Squash duo Frania Gillen-Buchert and Alan Clyne off the mark

Alan Clyne in action at Scotstoun. Photograph: Getty
Alan Clyne in action at Scotstoun. Photograph: Getty
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There’s been Splash, based on diving, and television next week launches Tumble, in which celebrities attempt to emulate gymnastic skills.

So, is the notion of Strictly Come Squash so far fetched?

That was the intriguing idea thrown up in conversation with Frania Gillen-Buchert after the Edinburgh-based athlete had successfully launched a bid for a Commonwealth Games mixed doubles medal in partnership with Alan Clyne.

Of all 17 sports in this jamboree, doubles squash is perhaps hardest to identify with as until Glasgow 2014 the only Scottish court of appropriate size was in Shetland so insight was especially welcome.

“Fortunately Alan and I have been playing together for a very long time. Doubles is a bit like having a dancing partner,” said Gillen-Buchert.

“It isn’t about going on court with someone and hoping to hit it off. The more you play and practise together the better you become.

“The pairs who haven’t practised together risk hitting out of court or not hitting the ball at all because they think their partner has things under control.”

Avoiding expensive flights to Shetland – “it could cost up to £250 at weekends” said Gillen-Buchert – or heading south appears to be paying off.

From the off, the Scots combo were very much in step in beating Papua New Guinea 11-0, 11-6. “I’m glad the first match is in the bag because I was a bit nervous not having played singles,” said Gillen-Buchert.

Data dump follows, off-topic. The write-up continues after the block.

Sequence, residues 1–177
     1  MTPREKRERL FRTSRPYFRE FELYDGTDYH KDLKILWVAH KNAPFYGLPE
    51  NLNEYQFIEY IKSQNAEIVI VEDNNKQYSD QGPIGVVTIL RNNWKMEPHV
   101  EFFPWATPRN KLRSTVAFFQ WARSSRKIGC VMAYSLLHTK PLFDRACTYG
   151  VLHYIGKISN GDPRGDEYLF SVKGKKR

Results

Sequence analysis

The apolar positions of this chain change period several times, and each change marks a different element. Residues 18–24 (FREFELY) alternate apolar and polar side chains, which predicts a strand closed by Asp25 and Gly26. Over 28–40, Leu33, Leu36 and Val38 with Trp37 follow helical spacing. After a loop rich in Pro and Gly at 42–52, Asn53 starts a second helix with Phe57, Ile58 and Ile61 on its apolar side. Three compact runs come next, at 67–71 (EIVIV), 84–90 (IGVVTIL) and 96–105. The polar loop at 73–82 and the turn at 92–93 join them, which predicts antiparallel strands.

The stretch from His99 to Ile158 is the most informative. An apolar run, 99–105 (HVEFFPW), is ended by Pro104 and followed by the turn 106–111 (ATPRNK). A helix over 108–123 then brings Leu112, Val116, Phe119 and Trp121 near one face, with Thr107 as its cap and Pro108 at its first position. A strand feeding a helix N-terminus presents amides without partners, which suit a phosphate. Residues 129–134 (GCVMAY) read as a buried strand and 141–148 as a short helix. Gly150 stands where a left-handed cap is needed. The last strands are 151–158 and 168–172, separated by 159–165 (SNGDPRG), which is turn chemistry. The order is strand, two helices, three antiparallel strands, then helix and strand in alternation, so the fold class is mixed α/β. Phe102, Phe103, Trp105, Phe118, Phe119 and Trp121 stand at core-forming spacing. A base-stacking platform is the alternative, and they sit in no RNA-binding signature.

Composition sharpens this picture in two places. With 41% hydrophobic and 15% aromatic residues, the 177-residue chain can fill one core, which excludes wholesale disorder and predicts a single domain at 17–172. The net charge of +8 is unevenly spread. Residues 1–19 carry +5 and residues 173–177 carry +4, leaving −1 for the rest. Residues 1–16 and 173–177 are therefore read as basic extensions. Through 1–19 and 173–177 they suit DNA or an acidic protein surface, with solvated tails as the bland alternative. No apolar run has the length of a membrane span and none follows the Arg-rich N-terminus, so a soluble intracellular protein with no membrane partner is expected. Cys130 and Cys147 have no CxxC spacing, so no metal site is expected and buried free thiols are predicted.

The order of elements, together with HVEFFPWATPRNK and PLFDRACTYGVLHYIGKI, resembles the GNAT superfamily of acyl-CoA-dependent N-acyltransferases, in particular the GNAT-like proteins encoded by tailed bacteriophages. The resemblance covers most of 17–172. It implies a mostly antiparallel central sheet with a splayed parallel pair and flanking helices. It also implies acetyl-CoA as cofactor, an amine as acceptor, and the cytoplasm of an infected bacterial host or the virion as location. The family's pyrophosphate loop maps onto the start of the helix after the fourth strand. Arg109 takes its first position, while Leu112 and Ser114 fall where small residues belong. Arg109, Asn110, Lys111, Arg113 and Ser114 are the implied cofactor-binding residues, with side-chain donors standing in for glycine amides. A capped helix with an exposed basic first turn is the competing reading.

“We won comfortably but doubles is such a great leveller that you cannot afford to get complacent.”

In an enclosed rectangle not much bigger than a boxing ring, spacial awareness and peripheral vision is everything and Gillen-Buchart was not the only one for whom the doubles couldn’t come quickly enough due to sitting out the singles.

Edinburgh-born Harry Leitch put it more graphically. “I was bouncing off the walls,” said the one-time Waverley club member who has spent the past four years since exiting just short of a medal in Delhi also in partnership with Alan Clyne studying for a Phd.

His 11-3, 11-4 win lasted a mere 13 minutes against Trinidad and Tobago and a subsequent win over Wales to book a place in today’s knock-out round of 16 was achieved in similar time. Leitch’s speciality subject is stem cell research and the Games website pays tribute to his work in “pluripotency and the germline” at Cambridge University, from where he is on temporary leave.

“I could not have picked a better way into the Games,” he said. “For the first couple of weeks after my final exams I was spaced out.

“Then the pressure was finally off for a few weeks and I’ve no concerns other than (achieving) anything better than Delhi.”

The chemistry is clearly good enough so far and the Scots pairing of Stuart Crawford and Greg Lobban also made a winning start against St Vincent and Grenadines.

Gillen-Buchert and partner Alex Clark lost their opening women’s doubles tie 2-0 to England and now face a battle to qualify for the knock-out stages with fancied Malaysia lying in wait.